Our plan for the weekend is simple: Hit as many snowshoe trails as we can. We’re lucky that a few days before a huge storm dumped two feet of snow over the entire Adirondack Park in New York. Having enough depth to cover the rocky trails this late in the season won’t be a problem.
We start by checking into our weekend headquarters at the Ledge Rock Motel. This pretty building sits directly across from massive Whiteface Mountain and offers a spectacular view of the slopes. Located between Wilmington and Lake Placid, we are set up nicely to be able to tour the triangular area connecting these two towns with Keene Valley to the southeast. This is the heart of the High Peaks Wilderness Area.
After settling in, we head directly to Keene Valley and our favorite outdoor shop, The Mountaineer, for some help picking out a short snowshoe option to shake our legs out. Mountaineer staffers Drew Haas and Jan Wellford are trail runners and backcountry skiers, and they know trails that interest us better than any guide book. True to form, Drew suggests an option just a hop away, from the Garden parking area to John Brooks Lodge. It’s a popular hiking route out of Keene Valley, so the new snow should be packed down enough to allow us to run in our running snowshoes.
As typical in the mountains, the trail starts heading up immediately. As we start climbing up to higher ground, the depth of snow increases, and we start to see layers of mountains rising in the distance. This is a new trail for us, and we are eager to explore. We spend a lot of time running the trails in this area, but it’s so big that there are still countless areas where we’ve never visited. It’s a nice mix of familiarity and unexplored opportunities.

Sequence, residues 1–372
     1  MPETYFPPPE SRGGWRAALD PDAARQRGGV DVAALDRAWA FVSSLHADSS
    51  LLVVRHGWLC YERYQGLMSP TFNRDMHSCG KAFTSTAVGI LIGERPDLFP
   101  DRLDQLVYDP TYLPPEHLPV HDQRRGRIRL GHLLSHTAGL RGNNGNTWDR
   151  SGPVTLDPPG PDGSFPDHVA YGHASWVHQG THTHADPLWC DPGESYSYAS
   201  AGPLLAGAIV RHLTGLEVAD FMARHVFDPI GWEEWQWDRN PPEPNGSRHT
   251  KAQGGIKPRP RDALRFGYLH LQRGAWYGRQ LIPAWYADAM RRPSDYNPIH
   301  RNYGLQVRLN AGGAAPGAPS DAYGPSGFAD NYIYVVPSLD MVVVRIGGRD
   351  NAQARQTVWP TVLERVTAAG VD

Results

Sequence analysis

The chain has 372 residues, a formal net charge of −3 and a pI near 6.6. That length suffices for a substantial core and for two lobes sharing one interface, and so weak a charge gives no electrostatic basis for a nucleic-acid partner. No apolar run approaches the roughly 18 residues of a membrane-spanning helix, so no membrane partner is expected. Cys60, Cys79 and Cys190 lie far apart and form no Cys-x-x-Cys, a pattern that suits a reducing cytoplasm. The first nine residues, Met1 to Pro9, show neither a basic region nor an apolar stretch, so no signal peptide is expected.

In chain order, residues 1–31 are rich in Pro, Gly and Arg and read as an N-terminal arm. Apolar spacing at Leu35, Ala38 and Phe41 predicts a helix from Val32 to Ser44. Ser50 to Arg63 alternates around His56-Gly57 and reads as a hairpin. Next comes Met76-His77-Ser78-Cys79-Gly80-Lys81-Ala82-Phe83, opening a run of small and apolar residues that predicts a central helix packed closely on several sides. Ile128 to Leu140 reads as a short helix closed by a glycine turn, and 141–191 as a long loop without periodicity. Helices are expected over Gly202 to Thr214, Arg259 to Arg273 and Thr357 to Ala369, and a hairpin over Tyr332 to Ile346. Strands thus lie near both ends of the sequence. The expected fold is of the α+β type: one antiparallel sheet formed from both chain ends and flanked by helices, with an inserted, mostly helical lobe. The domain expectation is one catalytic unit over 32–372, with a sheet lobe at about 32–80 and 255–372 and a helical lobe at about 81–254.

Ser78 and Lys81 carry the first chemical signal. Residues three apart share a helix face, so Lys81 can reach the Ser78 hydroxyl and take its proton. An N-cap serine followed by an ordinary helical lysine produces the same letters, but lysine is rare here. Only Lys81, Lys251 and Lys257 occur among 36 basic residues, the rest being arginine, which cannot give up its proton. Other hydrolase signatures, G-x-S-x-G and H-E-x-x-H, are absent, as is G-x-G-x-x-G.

My calves protest from the lack of my normal warm-up, but eventually the trail starts to level off. It’s a warm day so the snow is soft and a lot of watery spots make it a bit mushy. We are amazed at how deep the occasional “post-hole” footprint pokes into the snow from someone wearing boots who had stepped off the trail. It is getting dark, so we flip on our headlamps and decide to turn-in a bit early, saving the rest of the trail for a fresh start the next day. Heading downhill we open up our strides and fly down the soft trail back to the car in a serious negative split.
In the morning, after a huge diner breakfast (with extra hash browns for me, as usual), the cooler morning air makes the snow firmer and easier to negotiate. We have loaded up backpacks with supplies in case we can venture far into the mountains. As we’re at the mercy of finding at least partially groomed trails in this depth of snow, we agree it would be better to be prepared for the possibility than having to turn around before it’s necessary.
Beyond where we reached the night before, the trail gets increasingly beautiful. We are venturing farther into the mountains and the views are paying us for our efforts. The trail is a carved tunnel through the snow; we’re in another tunnel, which surrounds us with stately green pines.